Hatch, Stabenow, Enzi, Gardner

National Defense Authorization Act (H.R. 1735)

Senator Hatch: (10:34 AM)

  • Spoke on trade.
    • "Without T.P.A. in place, our negotiating partners have no guarantees that the deal they sign will be one Congress will consider. Without those guarantees, they are less likely to put their best offers on the table, because they will have no assurance that our country can deliver on the deal or any deal they enter into with us. And make no mistake, we need to get good deals at the negotiating table. More than 95% of the world's consumers live outside of our country, the United States. If our farmers, manufacturers, and entrepreneurs are going to compete on the world stage, they need access to these customers. History has shown that high standard free trade agreements expand market access for U.S. exporters and reduce our trade deficits. Most importantly, they grow our economy and create good, high-paying jobs for workers here at home and improve living standards for our citizens and for our trading partners. If the U.S. is going to advance its values and interests in the international marketplace, we need to be writing the rules and setting the standards. We cannot do that if we are sitting on the sidelines."

 

Senator Stabenow: (10:50 AM)

  • Spoke on ObamaCare.
    • "It puts an expiration date on the tax credits that make health coverage affordable. Conveniently enough, though, it extends the tax cuts until after the 2016 election. And there's the real danger that when the guarantee of these tax cuts expires in September, 2017, they will not be renewed. By putting that expiration date after the election, it's clear that this bill's first priority isn't finding a way to make health care affordable. Its priority is delaying a massive tax increase until after the election. Its priority is to win election first, dismantle affordable health care coverage second. My hope and frankly my prayer is that the court recognizes what I know to be true, what I know to be true, that the language of this law is consistent with the original intent, which is clear from the very first words of the law."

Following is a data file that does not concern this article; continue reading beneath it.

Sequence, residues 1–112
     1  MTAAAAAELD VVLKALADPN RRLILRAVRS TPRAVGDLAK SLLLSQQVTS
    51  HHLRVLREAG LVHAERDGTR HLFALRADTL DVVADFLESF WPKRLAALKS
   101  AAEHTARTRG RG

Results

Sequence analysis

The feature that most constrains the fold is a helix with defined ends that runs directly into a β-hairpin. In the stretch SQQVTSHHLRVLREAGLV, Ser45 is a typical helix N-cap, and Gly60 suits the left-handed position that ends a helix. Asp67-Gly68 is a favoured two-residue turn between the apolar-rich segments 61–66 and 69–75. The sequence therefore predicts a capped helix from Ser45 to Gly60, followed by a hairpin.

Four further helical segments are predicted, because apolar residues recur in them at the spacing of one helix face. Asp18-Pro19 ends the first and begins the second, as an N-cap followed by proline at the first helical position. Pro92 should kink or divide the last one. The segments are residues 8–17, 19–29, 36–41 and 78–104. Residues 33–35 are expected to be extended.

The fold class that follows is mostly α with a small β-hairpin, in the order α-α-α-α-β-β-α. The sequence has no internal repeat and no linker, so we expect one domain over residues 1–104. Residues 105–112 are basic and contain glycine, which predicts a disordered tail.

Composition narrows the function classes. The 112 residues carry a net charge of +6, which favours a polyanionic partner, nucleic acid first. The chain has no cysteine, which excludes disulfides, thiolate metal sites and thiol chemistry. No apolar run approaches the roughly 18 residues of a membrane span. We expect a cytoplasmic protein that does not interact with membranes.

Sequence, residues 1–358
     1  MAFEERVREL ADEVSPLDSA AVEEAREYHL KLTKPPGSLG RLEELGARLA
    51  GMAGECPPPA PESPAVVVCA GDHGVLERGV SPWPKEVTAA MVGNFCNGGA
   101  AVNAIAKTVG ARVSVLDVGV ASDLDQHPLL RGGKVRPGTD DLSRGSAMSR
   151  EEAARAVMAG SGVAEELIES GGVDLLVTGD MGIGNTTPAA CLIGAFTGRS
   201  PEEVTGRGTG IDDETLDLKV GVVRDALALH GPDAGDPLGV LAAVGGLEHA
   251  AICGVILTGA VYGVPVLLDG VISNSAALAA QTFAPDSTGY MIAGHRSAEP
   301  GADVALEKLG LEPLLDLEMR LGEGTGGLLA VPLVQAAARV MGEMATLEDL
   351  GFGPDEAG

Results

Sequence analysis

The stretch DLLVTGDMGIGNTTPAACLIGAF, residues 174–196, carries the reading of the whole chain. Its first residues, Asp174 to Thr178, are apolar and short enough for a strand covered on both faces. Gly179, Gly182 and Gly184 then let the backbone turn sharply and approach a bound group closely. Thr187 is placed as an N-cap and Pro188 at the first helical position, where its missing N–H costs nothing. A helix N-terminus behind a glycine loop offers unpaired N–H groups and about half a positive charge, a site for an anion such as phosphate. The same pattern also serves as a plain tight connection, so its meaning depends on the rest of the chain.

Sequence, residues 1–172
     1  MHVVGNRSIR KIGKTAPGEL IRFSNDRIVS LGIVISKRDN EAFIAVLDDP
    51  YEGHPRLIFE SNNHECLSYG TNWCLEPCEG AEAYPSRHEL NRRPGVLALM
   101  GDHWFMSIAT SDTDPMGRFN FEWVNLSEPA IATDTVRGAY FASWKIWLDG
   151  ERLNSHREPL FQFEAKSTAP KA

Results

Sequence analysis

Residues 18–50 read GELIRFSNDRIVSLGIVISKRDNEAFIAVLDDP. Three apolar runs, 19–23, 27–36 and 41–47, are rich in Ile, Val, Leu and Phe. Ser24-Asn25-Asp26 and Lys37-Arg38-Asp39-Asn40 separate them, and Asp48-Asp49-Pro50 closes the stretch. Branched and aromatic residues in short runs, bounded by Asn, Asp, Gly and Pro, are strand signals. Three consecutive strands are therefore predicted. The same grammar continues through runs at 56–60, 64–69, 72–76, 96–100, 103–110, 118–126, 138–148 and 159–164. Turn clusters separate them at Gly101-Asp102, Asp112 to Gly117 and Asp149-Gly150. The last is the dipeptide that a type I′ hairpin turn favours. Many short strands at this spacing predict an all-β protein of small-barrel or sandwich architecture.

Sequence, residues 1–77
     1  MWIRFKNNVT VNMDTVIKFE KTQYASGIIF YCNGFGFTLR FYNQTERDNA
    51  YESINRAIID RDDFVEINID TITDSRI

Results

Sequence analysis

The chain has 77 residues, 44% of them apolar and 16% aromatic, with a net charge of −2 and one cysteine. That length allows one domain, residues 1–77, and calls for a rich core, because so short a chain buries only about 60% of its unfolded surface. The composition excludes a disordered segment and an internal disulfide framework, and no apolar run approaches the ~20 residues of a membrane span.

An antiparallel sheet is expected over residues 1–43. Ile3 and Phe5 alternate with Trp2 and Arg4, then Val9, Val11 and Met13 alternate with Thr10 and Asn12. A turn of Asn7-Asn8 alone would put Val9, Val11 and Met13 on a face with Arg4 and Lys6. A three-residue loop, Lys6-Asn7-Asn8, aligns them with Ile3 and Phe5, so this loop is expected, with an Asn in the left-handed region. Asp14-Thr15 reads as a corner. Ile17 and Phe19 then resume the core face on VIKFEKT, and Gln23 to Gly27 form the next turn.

Senator Enzi: (11:21 AM)

  • Spoke on the Environmental Protection Agency.
    • "Now the administration's moving forward on a back-door cap and tax proposal. They believe the best way to reach their goals at promoting alternative energy sources is to make current sources more and more expensive to produce and to use. This hurts consumers, it hurts jobs, it hurts the economy. It's a simple fact - make it more expensive to mine coal and the coal industry will be less profitable. Make it more expensive to use coal to produce energy and consumers will see a hit on their energy bills each and every month. Make it more difficult to turn a profit with coal and coal workers find themselves with fewer benefits, less job security and a lot less employment, which costs the government for unemployment."

 

Senator Gardner: (11:29 AM)

  • Spoke on coal.  
    • "In the case of the Colowyo Mine, the 2007 permit is being brought into question by federal court that has given this mine 120 days, the office of surface mining, 120 days to rectify a decision made back in 2007, a court case brought eight years after the 2007 permit was granted, if the 120 days go by and the court decides that the review wasn't complete by the office of surface mining it could result in a shutdown of the Colowyo Mine. As you mentioned this will result in 220 layoffs. Communities in person Colorado of Craig and Meeker will be devastated. This mine is responsible for about $200 million in economic impact to western Colorado, it pays millions, almost $10 million to the federal government in terms of taxes. It pays about a million dollars to the state of Colorado in terms of severance taxes."